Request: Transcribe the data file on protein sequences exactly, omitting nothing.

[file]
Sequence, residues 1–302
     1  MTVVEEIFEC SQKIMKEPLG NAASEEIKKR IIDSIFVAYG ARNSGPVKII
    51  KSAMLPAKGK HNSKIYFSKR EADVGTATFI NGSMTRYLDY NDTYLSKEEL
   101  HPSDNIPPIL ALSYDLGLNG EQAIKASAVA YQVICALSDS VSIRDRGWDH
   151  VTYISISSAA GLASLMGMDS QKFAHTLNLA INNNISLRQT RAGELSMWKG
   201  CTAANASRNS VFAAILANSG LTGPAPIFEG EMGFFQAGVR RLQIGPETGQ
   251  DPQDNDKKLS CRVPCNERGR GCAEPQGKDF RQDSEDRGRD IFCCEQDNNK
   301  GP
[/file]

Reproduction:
Sequence, residues 1–302
     1  MTVVEEIFEC SQKIMKEPLG NAASEEIKKR IIDSIFVAYG ARNSGPVKII
    51  KSAMLPAKGK HNSKIYFSKR EADVGTATFI NGSMTRYLDY NDTYLSKEEL
   101  HPSDNIPPIL ALSYDLGLNG EQAIKASAVA YQVICALSDS VSIRDRGWDH
   151  VTYISISSAA GLASLMGMDS QKFAHTLNLA INNNISLRQT RAGELSMWKG
   201  CTAANASRNS VFAAILANSG LTGPAPIFEG EMGFFQAGVR RLQIGPETGQ
   251  DPQDNDKKLS CRVPCNERGR GCAEPQGKDF RQDSEDRGRD IFCCEQDNNK
   301  GP